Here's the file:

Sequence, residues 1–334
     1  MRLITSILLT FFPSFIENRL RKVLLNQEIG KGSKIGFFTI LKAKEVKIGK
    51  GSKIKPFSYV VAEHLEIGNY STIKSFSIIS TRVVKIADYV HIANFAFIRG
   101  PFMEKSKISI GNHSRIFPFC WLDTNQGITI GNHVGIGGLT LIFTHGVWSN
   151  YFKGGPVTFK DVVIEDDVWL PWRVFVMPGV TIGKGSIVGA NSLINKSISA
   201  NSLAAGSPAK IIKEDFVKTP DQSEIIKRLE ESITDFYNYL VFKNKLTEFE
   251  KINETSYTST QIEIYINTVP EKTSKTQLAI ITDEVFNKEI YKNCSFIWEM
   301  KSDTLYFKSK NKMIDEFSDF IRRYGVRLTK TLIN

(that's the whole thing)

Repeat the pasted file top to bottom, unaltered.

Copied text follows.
Sequence, residues 1–334
     1  MRLITSILLT FFPSFIENRL RKVLLNQEIG KGSKIGFFTI LKAKEVKIGK
    51  GSKIKPFSYV VAEHLEIGNY STIKSFSIIS TRVVKIADYV HIANFAFIRG
   101  PFMEKSKISI GNHSRIFPFC WLDTNQGITI GNHVGIGGLT LIFTHGVWSN
   151  YFKGGPVTFK DVVIEDDVWL PWRVFVMPGV TIGKGSIVGA NSLINKSISA
   201  NSLAAGSPAK IIKEDFVKTP DQSEIIKRLE ESITDFYNYL VFKNKLTEFE
   251  KINETSYTST QIEIYINTVP EKTSKTQLAI ITDEVFNKEI YKNCSFIWEM
   301  KSDTLYFKSK NKMIDEFSDF IRRYGVRLTK TLIN